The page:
Rahaf Mohammed al-Qunun, 18, arrived in Bangkok from Kuwait late Saturday after slipping away from the family she has accused of abusing her. Qunun said it was her intention from there to seek asylum in Australia, but she was stopped by officials in Thailand, who confiscated her passport.
Rahaf al-Qunun has said she fears her family will kill her if she was forced to return home.
Home Affairs Minister Peter Dutton told reporters on Wednesday - before the referral was confirmed - that Australia would consider any referrals from the United Nations but Ms al-Qunun would not receive any "special treatment". Both countries have said she was stopped because she didn't have a return ticket, hotel reservation or itinerary with her upon arrival.
"We are in close contact with partners about her situation". Gen. Surachate Hakparn, the young woman's father and brother were due to arrive soon in Bangkok, but it would be Alqunun's decision whether to meet with them.
Her case will now be referred to Australia for consideration.
Health Minister Greg Hunt said the Australian government has been urging the UN High Commissioner for Refugees to process her case quickly.
She was finally allowed to enter Thailand late on Monday after spending 48 hours at Bangkok airport, some of it barricaded in a transit lounge hotel room.
"Due to privacy concerns, we can not comment on a specific case without signed consent", said Nancy Caron, a spokeswoman for Immigration Refugees and Citizenship Canada.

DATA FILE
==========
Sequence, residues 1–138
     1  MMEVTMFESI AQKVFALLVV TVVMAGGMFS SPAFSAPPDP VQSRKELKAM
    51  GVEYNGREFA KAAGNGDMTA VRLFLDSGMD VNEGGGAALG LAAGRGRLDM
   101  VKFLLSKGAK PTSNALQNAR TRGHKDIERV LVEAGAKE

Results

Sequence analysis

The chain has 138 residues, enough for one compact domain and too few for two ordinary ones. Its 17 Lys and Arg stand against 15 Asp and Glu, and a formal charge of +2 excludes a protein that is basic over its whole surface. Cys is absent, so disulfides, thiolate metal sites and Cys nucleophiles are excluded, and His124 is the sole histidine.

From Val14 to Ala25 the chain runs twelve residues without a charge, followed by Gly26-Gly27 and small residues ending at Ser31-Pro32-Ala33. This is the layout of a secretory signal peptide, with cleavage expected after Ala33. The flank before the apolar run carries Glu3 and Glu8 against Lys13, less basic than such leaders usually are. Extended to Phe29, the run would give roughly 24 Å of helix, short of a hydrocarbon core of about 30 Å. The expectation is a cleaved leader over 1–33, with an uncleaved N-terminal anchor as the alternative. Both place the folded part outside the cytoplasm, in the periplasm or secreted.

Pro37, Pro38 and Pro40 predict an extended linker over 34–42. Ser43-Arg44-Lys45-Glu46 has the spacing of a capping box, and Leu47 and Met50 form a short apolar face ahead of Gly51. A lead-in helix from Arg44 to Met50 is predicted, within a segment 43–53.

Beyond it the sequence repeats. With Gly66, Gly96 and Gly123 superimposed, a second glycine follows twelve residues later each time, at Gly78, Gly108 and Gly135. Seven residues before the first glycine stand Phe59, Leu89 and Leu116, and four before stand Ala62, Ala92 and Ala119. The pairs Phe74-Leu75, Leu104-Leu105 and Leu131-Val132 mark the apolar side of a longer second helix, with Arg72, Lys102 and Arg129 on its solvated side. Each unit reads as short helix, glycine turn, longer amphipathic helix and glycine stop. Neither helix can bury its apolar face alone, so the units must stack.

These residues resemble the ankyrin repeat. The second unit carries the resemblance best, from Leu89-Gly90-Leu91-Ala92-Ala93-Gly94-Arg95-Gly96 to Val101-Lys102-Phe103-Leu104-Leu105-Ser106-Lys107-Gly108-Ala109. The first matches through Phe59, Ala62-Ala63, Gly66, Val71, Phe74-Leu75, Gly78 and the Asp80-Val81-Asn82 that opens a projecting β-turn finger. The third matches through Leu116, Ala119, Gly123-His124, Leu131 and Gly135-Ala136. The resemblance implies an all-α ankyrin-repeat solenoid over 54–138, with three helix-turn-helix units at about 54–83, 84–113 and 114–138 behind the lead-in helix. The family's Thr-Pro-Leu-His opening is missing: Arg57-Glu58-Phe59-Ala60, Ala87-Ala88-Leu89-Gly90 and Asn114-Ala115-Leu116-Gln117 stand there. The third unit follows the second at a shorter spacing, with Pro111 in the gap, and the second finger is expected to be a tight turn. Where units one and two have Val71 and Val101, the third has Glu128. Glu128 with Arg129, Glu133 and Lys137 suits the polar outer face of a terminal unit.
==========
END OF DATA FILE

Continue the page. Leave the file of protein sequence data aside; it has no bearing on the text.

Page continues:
The 18-year-old Saudi Arabian woman is hoping to seek asylum overseas and barricaded herself inside a hotel in Bangkok to prevent being expelled by Thai authorities.
"The father and brother want to go and talk to Rahaf but the United Nations will need to approve such talk", General Surachate told reporters.More news: Susan Boyle stuns ‘America’s Got Talent’ judges in triumphant return to stage
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Who is Rahaf al-Qunun?"She fled hardship. Thailand is a land of smiles".
A Change.org petition to grant Qunun asylum in Britain has so far garnered more than 80,000 signatures.
The case has drawn new global attention to Saudi Arabia's strict social rules, including a requirement that women have the permission of a male "guardian" to travel, which rights groups say can trap women and girls as prisoners of abusive families.
She made her escape during a family trip to Kuwait, where she purchased flights to Thailand and Australia.
"I am giving my family 48 hours (to) either stop or I will publish everything that will incriminate them", she threatened on Twitter.
The plan was originally to put the 18-year-old on a plane back to Kuwait on Monday, January 7.
"We are very grateful that the Thai authorities did not send back Ms. Al-qunun against her will and are extending protection for her", UNHCR Thailand country representative Giuseppe de Vicentiis was quoted as saying in a statement released on Tuesday morning.
We now know she is safe, in the care of the UN Human Rights Council in Bangkok awaiting a decision on her request for asylum in Australia or Canada.
He said the Thai government "needs to explain why diplomats from Saudi Arabia are allowed to walk in closed areas of the Bangkok airport, seizing one of their citizen's passports".
The latest incident comes against the backdrop of intense scrutiny on Saudi Arabia over the shocking murder of Saudi journalist Jamal Khashoggi past year, which has renewed criticism of the kingdom's rights record.